|Photo courtesy Grant County Public Utility District|
Processing important aspects of dam-related modeling means using a computer and hard-earned work experience.
By Gregory B. Poindexter
Designing and constructing dams in a timely and cost-effective manner, many think, is as important as the social and economic factors that directly result from the presence of a dam in a given environment.
Dam design and construction in its simplest form attempts to utilize man’s ability to harness, contain, divert and monetize one of the greatest natural resources on Earth — water.
In an effort to assist dam engineers in processing information related to design, construction and monitoring facilities, the International Commission on Large Dams (ICOLD) issued Bulletin No. 155, “Guidelines for Use of Numerical Models in Dam Engineering,” in 2014.
In part, the bulletin offers guidance to help engineers deal with issues surrounding the immense amount of data designers must digest when undertaking the monumental task of dam design and construction.
ICOLD is a non-governmental international organization that provides a forum for the exchange of knowledge and experience in civil engineering and at its core has a membership of international professional engineers. Through academic research, empirical studies and real-world experience, ICOLD helps set standards and guidelines to ensure that dams are built and operated safely, efficiently and economically and are environmentally sustainable and socially equitable.
“The objective of [Bulletin No. 155] is to help the engineer in establishing a sound computation strategy based on a careful analysis of the problem to be solved, selecting the adequate software options needed, then carrying out the analysis in a progressive way with frequent checks, and finally using adequate outputs to make rational interpretation of the results achieved, so as to translate them into engineering decisions,” ICOLD said.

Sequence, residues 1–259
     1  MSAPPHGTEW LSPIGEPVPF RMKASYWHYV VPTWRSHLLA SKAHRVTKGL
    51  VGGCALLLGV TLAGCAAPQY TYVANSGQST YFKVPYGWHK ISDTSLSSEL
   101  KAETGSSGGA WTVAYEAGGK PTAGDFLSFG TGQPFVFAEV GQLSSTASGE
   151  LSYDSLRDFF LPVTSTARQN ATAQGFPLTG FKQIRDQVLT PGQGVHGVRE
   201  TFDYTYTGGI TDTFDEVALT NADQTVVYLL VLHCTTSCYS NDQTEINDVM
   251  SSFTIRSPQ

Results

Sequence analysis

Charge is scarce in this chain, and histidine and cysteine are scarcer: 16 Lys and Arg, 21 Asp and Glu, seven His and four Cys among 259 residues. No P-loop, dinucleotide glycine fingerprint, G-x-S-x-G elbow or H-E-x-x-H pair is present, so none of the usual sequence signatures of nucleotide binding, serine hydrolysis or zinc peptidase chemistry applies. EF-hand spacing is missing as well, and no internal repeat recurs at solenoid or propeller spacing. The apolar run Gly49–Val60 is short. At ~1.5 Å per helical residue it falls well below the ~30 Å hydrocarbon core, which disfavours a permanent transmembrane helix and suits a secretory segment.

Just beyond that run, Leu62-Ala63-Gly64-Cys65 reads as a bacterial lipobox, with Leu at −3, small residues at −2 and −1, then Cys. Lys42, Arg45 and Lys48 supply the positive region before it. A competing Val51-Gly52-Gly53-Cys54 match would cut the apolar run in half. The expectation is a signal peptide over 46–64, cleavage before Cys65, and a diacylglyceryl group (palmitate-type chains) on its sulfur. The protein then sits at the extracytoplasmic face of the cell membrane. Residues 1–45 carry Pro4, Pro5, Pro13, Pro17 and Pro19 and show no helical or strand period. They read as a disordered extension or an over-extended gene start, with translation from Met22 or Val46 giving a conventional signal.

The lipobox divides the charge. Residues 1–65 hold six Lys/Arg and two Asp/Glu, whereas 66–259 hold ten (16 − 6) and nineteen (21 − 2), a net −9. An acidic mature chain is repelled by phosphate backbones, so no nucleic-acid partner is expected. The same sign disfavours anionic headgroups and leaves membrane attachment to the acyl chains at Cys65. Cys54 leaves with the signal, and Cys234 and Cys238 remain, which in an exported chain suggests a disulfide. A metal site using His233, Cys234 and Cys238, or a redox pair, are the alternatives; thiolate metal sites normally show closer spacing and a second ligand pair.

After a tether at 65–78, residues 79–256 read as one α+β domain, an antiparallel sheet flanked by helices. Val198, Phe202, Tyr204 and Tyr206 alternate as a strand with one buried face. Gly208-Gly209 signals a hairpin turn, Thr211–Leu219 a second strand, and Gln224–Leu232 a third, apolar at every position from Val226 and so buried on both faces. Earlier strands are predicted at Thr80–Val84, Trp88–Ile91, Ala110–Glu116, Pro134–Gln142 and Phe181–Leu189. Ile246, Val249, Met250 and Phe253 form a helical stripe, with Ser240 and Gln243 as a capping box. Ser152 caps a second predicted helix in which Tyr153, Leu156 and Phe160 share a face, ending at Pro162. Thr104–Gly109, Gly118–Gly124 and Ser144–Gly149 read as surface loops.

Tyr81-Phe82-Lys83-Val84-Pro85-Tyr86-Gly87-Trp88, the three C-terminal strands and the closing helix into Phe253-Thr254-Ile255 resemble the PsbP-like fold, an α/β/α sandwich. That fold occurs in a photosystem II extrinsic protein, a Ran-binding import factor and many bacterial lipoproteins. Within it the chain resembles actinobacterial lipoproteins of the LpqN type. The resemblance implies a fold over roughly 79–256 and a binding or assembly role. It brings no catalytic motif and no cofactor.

Said another way, the bulletin will help dam designers make sure their computer-assisted designs actually measure what they intended to measure, check the process along the way and then easily translate their data into real-world engineering.
Prior to designing and constructing a dam, countries, states and provinces, and municipalities request site-specific data on which to make decisions on the viability of a proposed dam. The key word here is “data.”
“The need for the present bulletin arose from observation by several members of the committee, in the frame of their professional experience, that even good engineers, using well-validated software in a pertinent field of application, may lose much time and sometimes miss the objective of their computational activity,” according to the bulletin.